BHB: medical care travelling ‘problematic’
A man in need of an operation that can be done overseas only said yesterday he feared he may lose a limb because of Covid-19 travel restrictions.
He said: “There's a time limit or I'm going to end up losing my leg.”
But the man said that he had been told by the Bermuda Hospitals Board's medical concierge service that he was not eligible for a medevac flight.
He explained: “The lady told me that ‘you have to be in the hospital, it has to be critical'. I asked if losing my leg was critical and she told me no, because they can give you a prosthetic leg.”
The man said that he had contacted The Royal Gazette to try and draw attention to the problem faced by Bermuda residents who needed to leave the island for advanced medical treatment.
The 65-year-old Pembroke man, who asked not to be named, said: “They're doing repatriation flights for people who want to get back to their families — but they've not mentioned how to deal with people that need operations that can't have them in Bermuda. It's always skirted around, or it's never mentioned.”
He said that he needed to fly to Boston, Massachusetts, to have surgery on blood vessels in his leg — an operation not done on the island.
The man said the operation had been scheduled to take place in Boston “a few times”, but had been pushed back three times because of the pandemic.
He added that he was prepared to take his chances with international travel.
The man explained: “Obviously there's a risk. I'd rather run the gauntlet than lose my leg.”
He said that the doctor he had been dealing with in Boston had not given him a specific time frame on when the operation needed to be performed by.
But he added: “Obviously it's getting worse by the day.
“How that manifests over a period, I don't know.”
The man said that he had sent text messages to the Government to highlight his problem and that he had been advised to talk to his doctor. He added: “The doctors in Boston, obviously being in the States, they have their issues and in Bermuda, there isn't a vascular surgeon. So there's nobody here that I can talk to for clarity, or get any confirmation, or anybody plugging to see what they're doing about sick people that need to get on a plane to get operations.”
The man said a flight to Atlanta yesterday had not been an option. He explained he did not want to chance being quarantined in Georgia or having to make secondary travel plans. The man explained: “I'm high-risk as it is.”
He added that he could not afford to hire a private flight.
A spokeswoman for the Ministry of Health said that medevac planes continued “to run as normal for emergency health-related conditions”.
She said that it would be difficult to bring specialists to Bermuda because of quarantine requirements and the lack of commercial flights.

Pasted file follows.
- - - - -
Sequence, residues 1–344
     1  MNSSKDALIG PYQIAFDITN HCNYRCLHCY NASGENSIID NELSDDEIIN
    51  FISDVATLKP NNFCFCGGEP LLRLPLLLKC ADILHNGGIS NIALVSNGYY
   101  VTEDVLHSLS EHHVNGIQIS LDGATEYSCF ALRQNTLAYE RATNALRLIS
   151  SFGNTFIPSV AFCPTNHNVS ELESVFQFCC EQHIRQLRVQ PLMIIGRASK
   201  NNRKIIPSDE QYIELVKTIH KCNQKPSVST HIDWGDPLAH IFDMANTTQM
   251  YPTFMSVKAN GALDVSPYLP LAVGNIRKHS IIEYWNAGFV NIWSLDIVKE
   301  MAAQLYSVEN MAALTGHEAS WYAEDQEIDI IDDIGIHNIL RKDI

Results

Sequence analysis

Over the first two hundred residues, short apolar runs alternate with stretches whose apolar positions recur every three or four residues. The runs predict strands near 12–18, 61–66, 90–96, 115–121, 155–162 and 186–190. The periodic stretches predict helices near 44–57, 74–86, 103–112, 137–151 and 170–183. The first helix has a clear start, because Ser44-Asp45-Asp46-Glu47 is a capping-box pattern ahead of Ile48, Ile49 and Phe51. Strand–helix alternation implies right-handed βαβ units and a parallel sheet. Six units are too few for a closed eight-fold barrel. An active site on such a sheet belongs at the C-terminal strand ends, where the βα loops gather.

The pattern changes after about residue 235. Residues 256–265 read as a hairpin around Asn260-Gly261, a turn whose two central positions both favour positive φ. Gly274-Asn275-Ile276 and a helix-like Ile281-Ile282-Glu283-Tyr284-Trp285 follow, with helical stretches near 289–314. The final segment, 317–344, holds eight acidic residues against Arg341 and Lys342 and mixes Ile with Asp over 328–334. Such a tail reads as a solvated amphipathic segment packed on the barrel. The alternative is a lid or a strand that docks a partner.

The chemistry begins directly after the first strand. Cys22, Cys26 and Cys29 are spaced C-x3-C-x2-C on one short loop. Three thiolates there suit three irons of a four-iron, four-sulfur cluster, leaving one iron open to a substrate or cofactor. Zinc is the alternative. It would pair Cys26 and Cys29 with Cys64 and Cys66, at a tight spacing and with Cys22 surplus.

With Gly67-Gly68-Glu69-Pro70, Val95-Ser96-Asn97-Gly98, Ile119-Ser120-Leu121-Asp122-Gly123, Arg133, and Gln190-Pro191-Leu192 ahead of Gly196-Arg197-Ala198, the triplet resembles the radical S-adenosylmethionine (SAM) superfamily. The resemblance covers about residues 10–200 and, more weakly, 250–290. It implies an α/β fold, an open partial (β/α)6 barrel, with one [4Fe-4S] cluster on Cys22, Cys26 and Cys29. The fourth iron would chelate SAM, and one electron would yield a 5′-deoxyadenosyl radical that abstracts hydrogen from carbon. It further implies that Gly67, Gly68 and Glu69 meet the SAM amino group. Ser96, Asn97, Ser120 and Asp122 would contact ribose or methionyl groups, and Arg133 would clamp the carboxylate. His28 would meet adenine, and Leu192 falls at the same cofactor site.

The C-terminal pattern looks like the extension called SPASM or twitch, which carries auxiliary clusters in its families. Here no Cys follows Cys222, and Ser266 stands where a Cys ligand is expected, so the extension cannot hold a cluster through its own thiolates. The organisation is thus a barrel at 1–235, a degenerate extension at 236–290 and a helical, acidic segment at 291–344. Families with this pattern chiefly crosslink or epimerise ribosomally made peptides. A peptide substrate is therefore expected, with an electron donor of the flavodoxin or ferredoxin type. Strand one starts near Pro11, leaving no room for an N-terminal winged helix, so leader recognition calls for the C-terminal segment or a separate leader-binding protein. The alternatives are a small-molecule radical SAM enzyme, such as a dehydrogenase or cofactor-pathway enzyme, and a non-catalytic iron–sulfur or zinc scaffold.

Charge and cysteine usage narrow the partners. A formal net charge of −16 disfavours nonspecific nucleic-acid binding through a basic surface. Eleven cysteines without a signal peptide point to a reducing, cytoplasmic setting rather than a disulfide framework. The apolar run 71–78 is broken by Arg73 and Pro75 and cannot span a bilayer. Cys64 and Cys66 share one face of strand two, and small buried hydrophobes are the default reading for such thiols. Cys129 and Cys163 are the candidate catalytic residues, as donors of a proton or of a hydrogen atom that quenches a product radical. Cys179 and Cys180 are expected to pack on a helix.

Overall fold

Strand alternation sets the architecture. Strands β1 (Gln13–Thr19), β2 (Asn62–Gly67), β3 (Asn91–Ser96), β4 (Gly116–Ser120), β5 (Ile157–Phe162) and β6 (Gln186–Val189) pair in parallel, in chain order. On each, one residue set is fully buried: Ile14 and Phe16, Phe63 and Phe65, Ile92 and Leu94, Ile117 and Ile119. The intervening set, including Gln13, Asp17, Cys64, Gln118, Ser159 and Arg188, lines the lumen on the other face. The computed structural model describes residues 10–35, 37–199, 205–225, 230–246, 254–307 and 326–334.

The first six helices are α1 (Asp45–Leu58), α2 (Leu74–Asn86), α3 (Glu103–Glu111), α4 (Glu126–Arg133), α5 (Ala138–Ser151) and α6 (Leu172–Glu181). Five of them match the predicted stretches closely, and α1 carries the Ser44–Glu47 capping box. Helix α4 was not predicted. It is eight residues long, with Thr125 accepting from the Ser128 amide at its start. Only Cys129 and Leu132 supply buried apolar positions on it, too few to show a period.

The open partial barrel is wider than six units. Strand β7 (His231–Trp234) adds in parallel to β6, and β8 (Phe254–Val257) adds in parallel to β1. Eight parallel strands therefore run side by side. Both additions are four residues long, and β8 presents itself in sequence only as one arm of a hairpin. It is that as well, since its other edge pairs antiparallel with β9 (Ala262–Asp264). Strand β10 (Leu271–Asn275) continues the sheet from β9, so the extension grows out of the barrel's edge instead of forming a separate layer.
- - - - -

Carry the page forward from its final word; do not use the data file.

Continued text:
But the spokeswoman added: “That would not be a government decision, but one requested by the private medical professionals on island and the hospital.”
She said records were not kept of people who needed to leave the island to have surgery or other procedures performed.
She explained: “That information would only be known by the individual physicians.”
The spokeswoman said anyone concerned about their ability to leave the island for medical treatment should contact their GP to discuss the options.
She added: “We as an island need to ensure we are shielding the most vulnerable during this time while also ensuring those with non-communicable diseases especially, are caring for themselves so they do not become critically ill. Please go to your doctor, do not wait.”
The spokeswoman said: “Please do not be alarmed as there is no barrier to persons needing emergency medical care to leave the island as medevac continues to operate.”
A spokeswoman for BHB said that people seeking overseas care during the pandemic is “problematic”.
She explained: “There are no commercial flights, and hospitals around the world are sometimes limiting non-emergency care if they are in an area in lockdown, for example, or dealing with an overwhelming number of Covid-19 cases themselves.”
The spokeswoman said BHB had not had any problems with emergency referrals overseas using medevac flights. But she admitted: “People who would have previously used commercial flights for diagnostic services, surgeries or treatments have no current options for flying from and back to Bermuda.
“For the most part, when it comes to patients who are under the care of BHB, we are managing care on island with the support of telemedicine consultations with a number of different overseas hospitals.”
The spokeswoman said that the BHB was in talks with the Department of Health on “how to best support patients with care needs that cannot be provided in Bermuda, especially where a delay may result in an emergency situation”.
She added: “We have every sympathy for people dealing with care issues during the pandemic, and will continue to do all we can to support them on island until other options are possible.”